I most love the part of this verse that reminds us why we can walk in love and give ourselves up for one another. It’s because we are “dearly loved children.” A dearly loved child doesn’t worry about anything; she has everything she needs. She gives to others freely. She doesn’t live in jealousy or comparison or fear or shame. She is dearly loved. She doesn’t have to always take from others; she gives and relates to others with freedom, joy, security, and generosity. She knows she is loved. Her life becomes about this deep love.
I consider more and more that life’s grand purpose is to know how dearly loved we are by God and to then life a life of love. That’s it! That’s the whole thing. Think of the simplicity of 1 John 4:19: We love because he first loved us.
Paul prays this for us in Ephesians 1: And this is my prayer: that your love may abound more and more in knowledge and depth of insight . . .
May we grow to know how dearly loved we are. And then may we live a life of profound and unexplainable love. The Holy Spirit will teach us how and enhance this fruit of love given to us (Galatians 5).
I absolutely love finding recipes that make use of whatever I’m currently harvesting in my garden. As you know, I have an abundance of dill. I also have many green chives. So imagine my delight when I found this delicious Simple Lemon Dill Quinoa Chickpea Salad from Kitchen Treaty.
I replaced the scallions with my fresh chives. I let the salad sit for about an hour, and when I served it, my husband could not stop gobbling it up! I had two servings as well. So good! We served it alongside our fish and asparagus, and we loved it.
Gather your dill! Gather your chives! (about a half cup of each, chopped) Toss them into a bowl with a cup of cooked quinoa and a can of rinsed chickpeas. Whisk together 1/4 cup fresh lemon juice, 1 teaspoon Dijon mustard, 1/4 cup olive oil, and 1/2 teaspoon salt. Pour this over your bowl of quinoa, chickpeas, dill, and chives (or scallions). Let it sit–the longer the better!
So easy! So yummy!
Enjoy some dill this summer!
I confess to you now: I sometimes eat every raspberry, every ground cherry, and every green bean without even offering them to anyone else. It’s my daily little harvest for one.
I find myself complaining about the awful humidity here in central Pennsylvania. I feel like I’m walking through a bog, a swampland, a sweaty shower room, or a jungle. You get the idea. The air feels heavy and moist. It’s oppressive. It even feels hard to breath.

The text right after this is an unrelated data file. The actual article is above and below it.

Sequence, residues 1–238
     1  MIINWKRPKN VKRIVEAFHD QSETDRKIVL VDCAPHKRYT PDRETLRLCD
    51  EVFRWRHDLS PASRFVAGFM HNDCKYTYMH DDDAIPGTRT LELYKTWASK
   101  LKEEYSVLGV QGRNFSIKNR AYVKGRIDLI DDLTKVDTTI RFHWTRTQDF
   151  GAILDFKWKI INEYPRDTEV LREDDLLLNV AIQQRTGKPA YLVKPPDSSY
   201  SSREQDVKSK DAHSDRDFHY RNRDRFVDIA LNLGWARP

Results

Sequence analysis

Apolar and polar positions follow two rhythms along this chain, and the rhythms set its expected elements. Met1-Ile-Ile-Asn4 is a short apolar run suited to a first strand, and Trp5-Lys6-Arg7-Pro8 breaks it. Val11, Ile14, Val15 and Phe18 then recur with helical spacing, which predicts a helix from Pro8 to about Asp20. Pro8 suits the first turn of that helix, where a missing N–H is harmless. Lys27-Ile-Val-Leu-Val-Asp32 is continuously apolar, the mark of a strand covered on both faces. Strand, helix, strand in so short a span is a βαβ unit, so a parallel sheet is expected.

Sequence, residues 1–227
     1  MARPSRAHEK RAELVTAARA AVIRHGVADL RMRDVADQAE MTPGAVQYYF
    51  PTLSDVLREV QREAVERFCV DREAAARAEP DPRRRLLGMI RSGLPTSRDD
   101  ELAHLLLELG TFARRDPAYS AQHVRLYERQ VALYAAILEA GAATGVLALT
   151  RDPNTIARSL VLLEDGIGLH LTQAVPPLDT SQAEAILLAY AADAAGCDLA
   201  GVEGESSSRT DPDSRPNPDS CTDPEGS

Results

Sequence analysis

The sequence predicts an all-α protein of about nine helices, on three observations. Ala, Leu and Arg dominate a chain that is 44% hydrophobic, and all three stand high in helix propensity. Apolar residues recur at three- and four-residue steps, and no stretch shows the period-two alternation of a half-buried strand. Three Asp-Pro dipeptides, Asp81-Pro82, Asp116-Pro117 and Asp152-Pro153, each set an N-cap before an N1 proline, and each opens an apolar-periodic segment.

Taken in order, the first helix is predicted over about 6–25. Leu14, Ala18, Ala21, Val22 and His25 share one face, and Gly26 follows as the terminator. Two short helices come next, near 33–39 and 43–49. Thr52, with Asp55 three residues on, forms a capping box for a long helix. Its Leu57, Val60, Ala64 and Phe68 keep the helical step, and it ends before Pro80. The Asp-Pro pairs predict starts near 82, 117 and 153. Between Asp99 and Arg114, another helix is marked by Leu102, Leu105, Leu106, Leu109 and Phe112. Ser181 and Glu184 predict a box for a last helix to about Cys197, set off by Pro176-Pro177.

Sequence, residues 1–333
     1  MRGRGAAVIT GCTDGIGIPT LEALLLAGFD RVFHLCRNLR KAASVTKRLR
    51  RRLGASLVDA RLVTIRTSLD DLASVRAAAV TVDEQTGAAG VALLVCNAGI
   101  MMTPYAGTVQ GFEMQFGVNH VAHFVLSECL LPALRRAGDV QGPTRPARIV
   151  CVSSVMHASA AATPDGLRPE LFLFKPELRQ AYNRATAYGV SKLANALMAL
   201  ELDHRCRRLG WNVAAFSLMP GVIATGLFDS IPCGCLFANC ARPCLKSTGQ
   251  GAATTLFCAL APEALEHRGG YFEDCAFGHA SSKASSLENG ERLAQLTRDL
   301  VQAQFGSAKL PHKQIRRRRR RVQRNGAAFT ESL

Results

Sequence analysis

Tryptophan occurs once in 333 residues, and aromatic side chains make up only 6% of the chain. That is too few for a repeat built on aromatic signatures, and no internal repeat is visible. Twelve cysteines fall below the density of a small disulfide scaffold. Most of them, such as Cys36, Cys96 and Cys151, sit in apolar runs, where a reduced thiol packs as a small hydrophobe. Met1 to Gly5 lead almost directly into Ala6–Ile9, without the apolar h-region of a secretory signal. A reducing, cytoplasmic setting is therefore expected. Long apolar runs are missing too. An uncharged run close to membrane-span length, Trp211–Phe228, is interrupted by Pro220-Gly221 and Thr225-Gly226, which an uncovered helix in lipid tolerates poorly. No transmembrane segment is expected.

Ugh! You cannot take a long walk in this! I call out to the neighborhood, “This is Pennsylvania, not the deep South! What is happening!?”
But then I remember something. It’s funny I remember this at the precise moment of my complaining.
I remember these exact conditions I detest create the perfect environment for my gardenia cuttings to root and thrive. In fact, I’m growing them in my bathroom so they can enjoy the humid, moist air after everyone showers. Oh, the blessing of humidity to create this kind of beauty!
For some, the humidity blesses. I like to remember how the very thing I’m complaining about might actually mean something wonderful to someone else. I learn to think differently and ask under what conditions or circumstances my complaint would change to a blessing.
Finally, I recall how, in the depths of winter, the dry, cold air cracks my skin and lips. I long for humidity.
Consider humidity: it’s a practice in perspective taking.
I love a fresh, new morning.
We can start fresh with a blank canvas to turn this day into a masterpiece. God’s mercies are new every morning. They are right here waiting for you.
Think about it. You can choose to hydrate, exercise, pray, and eat nutritious foods. You can choose to start or continue a project. You can start fresh with kind words, new mental habits, and novel ideas. You can start again.
Forget what is behind (Philippians 3:13). Do not dwell on the past (Isaiah 43:18). Press on into the new.
Anything can happen. It’s a new day.